Most of the questions we respond to from gestational surrogates and their intended parents (IP) have to do with their relationship before and during the pregnancy. One step at a time is how most try to get through their surrogacy journey as many IP’s have gone through unsuccessful attempts at IVF or pregnancy themselves, with or without the help of an egg donor. We advise surrogates and their intended parents not to involve children and other family and friends in the beginning of their journeys as it’s best to make these introductions after a pregnancy is achieved and medically stable. There are considerations at The Surrogacy SOURCE that we remind our clients of as we see how their relationships evolve.
Birth plans are part of the later stages of the pregnancy but should be thought out in advance of the hospital visit to view the labor, delivery and postpartum units. Most social service departments who assist with the parentage paperwork as well as the postpartum stay will ask what the birth plan will include from a detailed list of questions. At The Surrogacy SOURCE, we have a draft of a birth plan to view so our families are prepared. Most new parents will be offered a room at the hospital so they can learn how to care for their baby. Their surrogate will have her own room so she can rest but also visit with the baby. There must be time for the baby and the surrogate as well as her family to see the baby, hold the baby, and take pictures with the baby they all helped nurture for all those months. This is a crucial time for each surrogate and especially her children. All are very happy for the new family and will be changed forever but some surrogate’s will go through a grieving process and need to know how much they were valued as she goes home without all the attention she previously received (which is a plus for her kids!).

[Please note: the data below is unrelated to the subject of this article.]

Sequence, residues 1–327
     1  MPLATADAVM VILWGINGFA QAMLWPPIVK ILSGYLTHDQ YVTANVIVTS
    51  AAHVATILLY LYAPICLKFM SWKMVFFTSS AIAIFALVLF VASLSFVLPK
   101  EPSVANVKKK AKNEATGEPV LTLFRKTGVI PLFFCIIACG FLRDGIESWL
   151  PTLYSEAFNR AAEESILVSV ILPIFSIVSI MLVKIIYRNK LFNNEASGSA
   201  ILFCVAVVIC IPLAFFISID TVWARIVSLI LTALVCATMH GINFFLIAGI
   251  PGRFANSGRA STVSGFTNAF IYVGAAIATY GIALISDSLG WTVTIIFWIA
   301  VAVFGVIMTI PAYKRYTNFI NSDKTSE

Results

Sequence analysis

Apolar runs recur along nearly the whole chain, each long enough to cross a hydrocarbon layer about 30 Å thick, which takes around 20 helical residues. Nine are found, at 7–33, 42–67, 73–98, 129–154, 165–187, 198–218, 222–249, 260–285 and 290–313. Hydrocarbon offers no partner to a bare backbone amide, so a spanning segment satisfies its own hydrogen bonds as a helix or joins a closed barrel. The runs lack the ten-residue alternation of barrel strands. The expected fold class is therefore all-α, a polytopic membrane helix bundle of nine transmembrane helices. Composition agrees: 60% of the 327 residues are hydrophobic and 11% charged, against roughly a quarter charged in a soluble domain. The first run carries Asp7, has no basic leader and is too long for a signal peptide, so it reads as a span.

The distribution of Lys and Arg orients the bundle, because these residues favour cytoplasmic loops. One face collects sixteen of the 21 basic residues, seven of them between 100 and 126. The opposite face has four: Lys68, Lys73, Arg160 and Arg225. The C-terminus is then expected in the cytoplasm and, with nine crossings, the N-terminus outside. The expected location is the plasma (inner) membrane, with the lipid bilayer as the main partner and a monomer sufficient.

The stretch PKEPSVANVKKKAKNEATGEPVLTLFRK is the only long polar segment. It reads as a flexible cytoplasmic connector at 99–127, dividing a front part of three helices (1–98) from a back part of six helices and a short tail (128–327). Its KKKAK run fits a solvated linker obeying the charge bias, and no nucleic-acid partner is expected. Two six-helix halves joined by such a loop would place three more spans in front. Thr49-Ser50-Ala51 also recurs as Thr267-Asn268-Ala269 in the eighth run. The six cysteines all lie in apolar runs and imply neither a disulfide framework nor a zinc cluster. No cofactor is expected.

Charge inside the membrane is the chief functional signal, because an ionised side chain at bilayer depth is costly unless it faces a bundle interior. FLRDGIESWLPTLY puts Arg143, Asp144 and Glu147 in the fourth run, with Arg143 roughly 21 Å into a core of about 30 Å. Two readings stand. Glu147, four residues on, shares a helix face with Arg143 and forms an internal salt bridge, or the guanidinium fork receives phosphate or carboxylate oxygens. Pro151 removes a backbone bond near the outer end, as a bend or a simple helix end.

Friends and family need to know that it takes time for each surrogate to adjust to their normal routine. This may include recovering from a vaginal birth or C-section or even pumping breast milk for the baby they worked so hard to grow in a healthy environment. Emotionally there are going to be moments, hours, and days when there are reminders of the baby that is now home with another family and sudden change is often an adjustment. The new family won’t have the time they did before birth to talk to their surrogate so she’ll need family and friends to include her in their plans. If she had a difficult recovery, dinner from a friend is appreciated or an hour or two of babysitting for a nap would be great.
An “after baby” girls’ night out would be fun and if she’s pumping she can still enjoy a night out with her friends. Date night with her partner, or movie night with the kids can be special too!
Anything that is pampering is a plus!!!
This article was composed by Nancy Block, RN and Vice President of International and Major Client Relations at Fertility SOURCE Companies.